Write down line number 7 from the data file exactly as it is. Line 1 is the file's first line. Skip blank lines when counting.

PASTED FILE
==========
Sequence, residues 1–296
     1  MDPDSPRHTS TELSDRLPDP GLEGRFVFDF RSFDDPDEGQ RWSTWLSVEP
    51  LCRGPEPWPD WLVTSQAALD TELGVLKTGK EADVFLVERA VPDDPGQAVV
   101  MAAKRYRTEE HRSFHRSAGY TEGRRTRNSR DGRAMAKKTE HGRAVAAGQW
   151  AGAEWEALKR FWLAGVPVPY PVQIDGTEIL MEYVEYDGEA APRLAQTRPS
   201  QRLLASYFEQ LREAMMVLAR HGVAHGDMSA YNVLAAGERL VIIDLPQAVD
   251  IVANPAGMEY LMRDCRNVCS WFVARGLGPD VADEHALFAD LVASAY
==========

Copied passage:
   251  IVANPAGMEY LMRDCRNVCS WFVARGLGPD VADEHALFAD LVASAY